My foray into private banking

Anecdotally, I’ve heard this from several professional asset managers who mainly (99%) invest money for institutional investors but who offer private money management for “friends and family”: some prospective private clients would hear the professional’s advice on custom portfolio construction (typically a mix of low fee ETFs and/or mutual funds tailored to the client’s needs), but would then insist on adding this stock to the mix, and excluding that stock from the proposed ETF, and discussing (as a layperson really) the benefits of such a, shall we say, Frankenstein portfolio.
All of those professional money managers I have heard this from politely decline managing assets for such “active” private clients as it goes against their professional … pride?
A private banker though will happily accommodate any strategy the client prefers and will at best act as a rail guard for really stupid things the client might want to implement. The private banker isn’t a bad person, they are just accommodating what the client wants.

Anyhow, as @Cortana expressed so eloquently some people will do better this way (even with high fees) than managing the money entirely themselves and e.g. selling at the worst time when panic sinks in for them. The private banker will then at least tell the client that they should sit through this, and hopefully they’re successful. Maybe that alone is worth the high fee for someone who hasn’t got the financial background and the guts to navigate the markets.

No offense taken.

Comparing yearly returns would be adequate if all investments (and potential withdrawals) took place on January 1 (or thereabouts). The total return and the TWR for that year would then match mostly.*
If investments (or withdrawals) took place throughout the year, then you’d need to compare the aggregated total return and the aggregated TWR on a more granular basis. Most funds do this on a monthly basis, but you can go as granular as daily.

At the risk of boring you, comparing a portfolio tailored for high distributions to a total return index only partially makes sense given the way you describe the deceased’s desire for choosing stocks and an apparent preference of high steady and regular distributions (possibly with less volatiliy) over total return of an index.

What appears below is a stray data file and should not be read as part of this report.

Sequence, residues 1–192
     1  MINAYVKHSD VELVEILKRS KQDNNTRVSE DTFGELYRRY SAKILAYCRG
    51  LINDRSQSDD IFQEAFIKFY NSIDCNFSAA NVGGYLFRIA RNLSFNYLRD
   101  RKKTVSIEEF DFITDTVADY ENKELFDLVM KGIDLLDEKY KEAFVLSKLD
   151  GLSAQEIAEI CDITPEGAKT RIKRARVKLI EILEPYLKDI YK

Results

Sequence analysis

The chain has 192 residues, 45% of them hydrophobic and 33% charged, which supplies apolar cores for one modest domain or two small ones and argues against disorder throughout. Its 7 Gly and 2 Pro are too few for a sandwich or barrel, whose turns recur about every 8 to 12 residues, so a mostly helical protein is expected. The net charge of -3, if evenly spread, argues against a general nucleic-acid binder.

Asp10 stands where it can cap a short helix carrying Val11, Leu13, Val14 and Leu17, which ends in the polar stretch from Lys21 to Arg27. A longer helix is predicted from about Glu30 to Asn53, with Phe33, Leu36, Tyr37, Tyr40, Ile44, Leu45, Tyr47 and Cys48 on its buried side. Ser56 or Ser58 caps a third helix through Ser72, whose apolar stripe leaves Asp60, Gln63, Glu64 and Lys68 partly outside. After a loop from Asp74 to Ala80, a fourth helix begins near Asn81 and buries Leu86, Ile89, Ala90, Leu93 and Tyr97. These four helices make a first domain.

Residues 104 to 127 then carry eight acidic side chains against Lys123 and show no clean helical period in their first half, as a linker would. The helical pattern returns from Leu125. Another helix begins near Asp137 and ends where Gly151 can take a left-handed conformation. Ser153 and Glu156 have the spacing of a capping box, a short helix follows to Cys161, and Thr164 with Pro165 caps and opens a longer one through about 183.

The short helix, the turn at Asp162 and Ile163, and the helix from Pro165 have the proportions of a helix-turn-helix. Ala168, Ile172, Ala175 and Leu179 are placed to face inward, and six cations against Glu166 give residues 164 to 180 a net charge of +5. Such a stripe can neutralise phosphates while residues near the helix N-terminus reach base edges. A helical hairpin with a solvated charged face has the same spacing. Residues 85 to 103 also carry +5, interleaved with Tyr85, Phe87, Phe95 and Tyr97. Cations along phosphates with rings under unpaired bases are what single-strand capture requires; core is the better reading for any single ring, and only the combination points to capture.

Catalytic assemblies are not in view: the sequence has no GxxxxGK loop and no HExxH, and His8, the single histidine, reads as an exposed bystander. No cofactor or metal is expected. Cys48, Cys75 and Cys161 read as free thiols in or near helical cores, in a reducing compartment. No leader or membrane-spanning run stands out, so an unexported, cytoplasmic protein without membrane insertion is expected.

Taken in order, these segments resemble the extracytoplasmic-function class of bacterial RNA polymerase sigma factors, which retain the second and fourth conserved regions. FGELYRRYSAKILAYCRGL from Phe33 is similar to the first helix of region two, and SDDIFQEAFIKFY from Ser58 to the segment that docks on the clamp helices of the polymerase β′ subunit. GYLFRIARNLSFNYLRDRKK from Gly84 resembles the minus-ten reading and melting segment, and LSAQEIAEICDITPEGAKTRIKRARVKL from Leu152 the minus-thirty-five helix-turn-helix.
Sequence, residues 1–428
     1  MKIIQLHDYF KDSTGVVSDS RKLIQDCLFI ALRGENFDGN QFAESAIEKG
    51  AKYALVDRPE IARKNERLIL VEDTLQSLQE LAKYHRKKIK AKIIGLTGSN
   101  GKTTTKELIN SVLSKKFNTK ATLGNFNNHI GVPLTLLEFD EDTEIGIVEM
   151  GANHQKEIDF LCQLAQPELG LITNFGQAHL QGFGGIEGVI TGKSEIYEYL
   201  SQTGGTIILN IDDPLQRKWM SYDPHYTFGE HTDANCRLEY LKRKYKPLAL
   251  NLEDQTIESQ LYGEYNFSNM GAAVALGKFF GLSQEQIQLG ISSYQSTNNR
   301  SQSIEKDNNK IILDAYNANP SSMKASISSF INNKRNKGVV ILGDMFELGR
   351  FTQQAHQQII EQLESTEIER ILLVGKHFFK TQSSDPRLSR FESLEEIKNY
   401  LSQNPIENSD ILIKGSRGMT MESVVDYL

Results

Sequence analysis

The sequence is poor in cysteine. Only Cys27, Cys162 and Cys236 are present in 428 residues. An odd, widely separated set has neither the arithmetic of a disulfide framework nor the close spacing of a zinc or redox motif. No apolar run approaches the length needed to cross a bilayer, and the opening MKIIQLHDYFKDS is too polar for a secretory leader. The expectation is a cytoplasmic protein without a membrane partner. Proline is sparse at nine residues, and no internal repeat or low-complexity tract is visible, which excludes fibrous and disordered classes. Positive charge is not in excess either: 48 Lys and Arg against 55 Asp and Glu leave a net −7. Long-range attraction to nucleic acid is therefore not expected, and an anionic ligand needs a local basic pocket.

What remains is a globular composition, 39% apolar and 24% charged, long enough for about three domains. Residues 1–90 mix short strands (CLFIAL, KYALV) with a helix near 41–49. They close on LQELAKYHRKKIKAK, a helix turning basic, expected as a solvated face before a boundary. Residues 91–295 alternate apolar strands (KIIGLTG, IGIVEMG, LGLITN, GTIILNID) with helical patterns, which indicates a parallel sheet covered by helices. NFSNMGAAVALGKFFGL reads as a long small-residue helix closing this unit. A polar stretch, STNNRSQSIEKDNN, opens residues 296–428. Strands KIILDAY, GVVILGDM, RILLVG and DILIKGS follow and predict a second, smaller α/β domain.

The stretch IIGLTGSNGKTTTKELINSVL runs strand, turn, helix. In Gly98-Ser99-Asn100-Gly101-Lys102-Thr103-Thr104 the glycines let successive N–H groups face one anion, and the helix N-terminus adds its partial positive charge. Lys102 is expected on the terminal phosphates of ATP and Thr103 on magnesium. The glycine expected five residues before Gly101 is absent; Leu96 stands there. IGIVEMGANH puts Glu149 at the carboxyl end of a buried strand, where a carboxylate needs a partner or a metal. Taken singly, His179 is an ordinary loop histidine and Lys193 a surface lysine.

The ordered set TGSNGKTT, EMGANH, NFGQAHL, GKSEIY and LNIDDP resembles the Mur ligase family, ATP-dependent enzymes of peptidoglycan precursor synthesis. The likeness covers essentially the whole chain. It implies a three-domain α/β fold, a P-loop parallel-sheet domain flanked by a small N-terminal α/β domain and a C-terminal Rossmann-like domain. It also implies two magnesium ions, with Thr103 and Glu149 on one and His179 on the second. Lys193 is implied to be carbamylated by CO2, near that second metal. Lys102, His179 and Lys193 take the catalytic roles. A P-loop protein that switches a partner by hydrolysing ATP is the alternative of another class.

* The different cash flows from an index fund and the relatively high distribution portfolio discussed here would still make some minor differences.

Hey, wow, what a coincidence, I happen to offer this for a very small fee …

Just kidding.

I would look for someone who does this on Honorarbasis.

The somewhat radical view by finpension claims that there is no independent financial advice (see their post here), but their alternative is that the investor educate themselves – which is not feasible for some people for whatever reason ever.

I hesitate to post the name of the Honorarberater that I used, not because I didn’t like them, but because I don’t want to endorse anyone with my name. If you insist, DM me and I’ll send you a name.

Be prepared to pay up – they are independent for a reason and do have to finance themselves without getting kickbacks from the funds/ETFs they recommend or the bank they will propose for accounts and custody of your assets.


As a private client advisor I experienced that quite a lot. Especially during the Corona crash. From the ~250 clients with invested assets, ~50 called or requested an appointment to discuss the situation in March/April 2020. More than half of them were in the mindset or already decided to sell everything. I was able to prevent most planned sells. Used a lot of graphs, historic data etc. to convince them to stay invested and see the bigger picture. If I remember correctly, only 3 couldn‘t take it anymore. And I‘m glad it turned out that way. Not only for the sake of my annual performance and the bank itself, but for the clients too.


In fitness and strength training there is the saying „the best workout plan is the one that you are going to stick with“. While there might me plans that would result in significantly better results in theory, they won‘t work at all if the person doesn‘t enjoy it, is insecure or loses motivation fast.

I think this can be applied to investing too.


Not everyone will agree with that but imo wealth below 9 digits (OK maybe 8 depending on the case) can be “self-managed” (with a bit of help, sure) and shouldn’t require anything that your average financial adviser and broker cannot provide (vs the obscene fees that private banks charge).

Fees don’t matter anymore once you’re in the 9-digit zone. Bankers then simply become another necessary annoyance among lawyers, service providers, family offices, corporate trustees, like parasites that feed on the back of larger animals.

There’s also the social aspect: similar to luxury hotels for instance, which above a certain threshold all provide the same kind of services and amenities, the only thing matching the price is the level of exclusivity (the “coma” club).